We do see customers in the BFIS industry and the public sector facing the same challenges. Working with legacy systems remains a major challenge for financial services, and this is no different in the public sector. Some of our public sector customers have systems that have been bolted together over the course of 20 years, so they cannot just start from scratch.
Q: What are the growth opportunities for Edge Testing?
We predict that our customer base in the public sector and financial services sector will continue to grow – at this time, we don’t see anything that could slow this down. We will continue to pick up more business across different industry verticals, but the public sector and financial services will remain dominant.
We are also excited by events that trigger system changes as well as transformational programmes that will push technology ahead. Brexit, for example, has the potential to play a major role in system changes across both the public and financial sectors.
Q: What were the drivers behind the Digital Test Hub?
We opened the first Digital Test Hub in 2013 in Bellshill, Scotland. This was in response to demand from customers looking to test B2C systems and applications across a number of devices and browsers. We realised customers were looking for a different delivery model; they didn’t want a team of testers onsite for the duration of the project, they wanted an on-demand service. An application can be tested in the Digital Test Hub over the course of a week and results relayed back to the business, causing minimal disruption.
The Hub has evolved into a service that now competes with offshore outsourced service providers. We have the benefit of being local, and close to our customers. Based on the success of the first one, we opened a second Digital Test Hub in Birmingham in 2017.
Q: What are the current trends you are noticing in quality assurance and testing?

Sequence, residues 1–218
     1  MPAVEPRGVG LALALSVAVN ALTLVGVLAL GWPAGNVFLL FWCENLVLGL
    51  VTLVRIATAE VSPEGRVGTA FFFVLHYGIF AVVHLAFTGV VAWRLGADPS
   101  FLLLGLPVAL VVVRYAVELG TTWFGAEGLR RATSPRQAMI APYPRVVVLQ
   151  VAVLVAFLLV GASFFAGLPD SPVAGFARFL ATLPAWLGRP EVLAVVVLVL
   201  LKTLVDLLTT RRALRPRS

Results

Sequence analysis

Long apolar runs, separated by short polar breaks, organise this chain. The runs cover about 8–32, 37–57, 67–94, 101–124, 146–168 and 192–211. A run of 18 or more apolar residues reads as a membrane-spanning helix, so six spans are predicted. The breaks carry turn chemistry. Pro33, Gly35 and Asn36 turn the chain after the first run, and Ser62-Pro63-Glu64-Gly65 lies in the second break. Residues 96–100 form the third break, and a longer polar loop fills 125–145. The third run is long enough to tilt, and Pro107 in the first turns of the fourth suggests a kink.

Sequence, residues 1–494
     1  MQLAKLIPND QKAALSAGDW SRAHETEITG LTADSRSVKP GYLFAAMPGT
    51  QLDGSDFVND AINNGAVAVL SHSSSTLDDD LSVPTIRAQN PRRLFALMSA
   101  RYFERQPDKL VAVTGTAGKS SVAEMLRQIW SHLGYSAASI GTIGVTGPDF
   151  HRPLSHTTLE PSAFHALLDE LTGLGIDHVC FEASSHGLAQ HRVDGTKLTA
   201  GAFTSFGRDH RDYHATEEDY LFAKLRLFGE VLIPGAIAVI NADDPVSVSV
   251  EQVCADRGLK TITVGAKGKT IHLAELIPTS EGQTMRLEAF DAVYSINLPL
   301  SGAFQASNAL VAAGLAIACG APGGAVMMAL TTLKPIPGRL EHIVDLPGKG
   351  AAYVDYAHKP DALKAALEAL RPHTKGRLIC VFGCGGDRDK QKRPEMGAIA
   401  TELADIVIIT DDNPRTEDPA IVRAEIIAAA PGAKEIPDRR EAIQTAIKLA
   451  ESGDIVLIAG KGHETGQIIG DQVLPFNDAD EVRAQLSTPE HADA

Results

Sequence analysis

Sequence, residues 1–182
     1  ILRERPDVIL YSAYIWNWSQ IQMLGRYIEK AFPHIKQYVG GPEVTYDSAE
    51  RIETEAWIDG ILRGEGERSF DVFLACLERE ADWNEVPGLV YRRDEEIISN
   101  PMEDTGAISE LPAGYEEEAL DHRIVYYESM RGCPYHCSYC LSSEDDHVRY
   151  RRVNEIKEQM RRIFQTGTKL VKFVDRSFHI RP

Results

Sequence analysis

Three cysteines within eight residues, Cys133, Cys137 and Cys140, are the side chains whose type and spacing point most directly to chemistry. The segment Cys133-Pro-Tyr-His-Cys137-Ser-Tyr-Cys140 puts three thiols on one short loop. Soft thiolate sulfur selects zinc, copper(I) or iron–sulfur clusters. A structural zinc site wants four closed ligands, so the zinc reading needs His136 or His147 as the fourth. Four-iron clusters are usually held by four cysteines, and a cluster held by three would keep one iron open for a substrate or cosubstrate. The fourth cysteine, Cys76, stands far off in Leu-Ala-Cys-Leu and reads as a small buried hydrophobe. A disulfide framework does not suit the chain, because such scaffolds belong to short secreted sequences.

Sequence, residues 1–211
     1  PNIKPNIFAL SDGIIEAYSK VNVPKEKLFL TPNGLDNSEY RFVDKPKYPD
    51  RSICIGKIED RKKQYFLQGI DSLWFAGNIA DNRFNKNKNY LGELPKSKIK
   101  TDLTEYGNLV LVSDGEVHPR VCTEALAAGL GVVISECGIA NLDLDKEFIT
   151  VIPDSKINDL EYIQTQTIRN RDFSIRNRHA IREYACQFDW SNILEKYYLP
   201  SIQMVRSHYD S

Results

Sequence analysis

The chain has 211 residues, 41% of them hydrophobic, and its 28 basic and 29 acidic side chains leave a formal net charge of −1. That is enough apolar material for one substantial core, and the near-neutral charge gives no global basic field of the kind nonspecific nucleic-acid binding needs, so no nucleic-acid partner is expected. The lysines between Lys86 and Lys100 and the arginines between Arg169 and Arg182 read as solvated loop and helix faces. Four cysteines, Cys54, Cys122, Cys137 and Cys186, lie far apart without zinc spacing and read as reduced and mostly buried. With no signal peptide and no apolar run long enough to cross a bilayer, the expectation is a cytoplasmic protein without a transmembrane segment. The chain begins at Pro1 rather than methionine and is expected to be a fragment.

There’s a greater focus than ever on automation, and our automation practice is growing at the same rate as our manual testing section. Customers are facing increasing pressure to decrease the time to release and the time to go live with their applications. Delivery cycles are becoming shorter, particularly as more and more teams switch to working in Agile and DevOps.
Having said this, there will always be a need for manual testing – there’s only a certain amount automation can bring. Tester's intelligence, intuition and eyeballs will always be needed.
We have also seen an increase in the use of open source testing tools. In the past, open source products were not used extensively by organisations, but there’s been a significant mindset change. Now, it’s not just about the cost-saving benefits of using open source service, but about the enhancement and enrichment of functionality that these products can bring. Some open source products are very well-developed and sophisticated and the support networks around them mean that there's no longer a risk associated with using them. The Edge Test Automation Framework supports Selenium and other open source tools which have become common place in the market.
Q: Who are your main competitors?
Our competitors fall into various categories. There are pure play testing providers, such as SQS or QualiTest who cover a larger geographical reach. There are also the large Indian offshore players, like Wipro and Cognizant.
Edge Testing's reputation really defines us and we have many long-standing and loyal customers. We offer flexible services based on our customer’s needs; our solutions are not prescribed and rigid.
Q: What does the future hold for Edge Testing?
Over the last ten years, we have grown organically and we will continue to do so. Short to medium term throughout the UK, and once we gain more market share, we will eventually branch into different geographies. There are no plans to acquire other service providers to expand our offering our focus is organic growth.
We will continue to evolve and develop different service lines and look to become even smarter around testing. We are currently looking at machine learning and artificial intelligence and how we can use these concepts to develop and enhance test packs.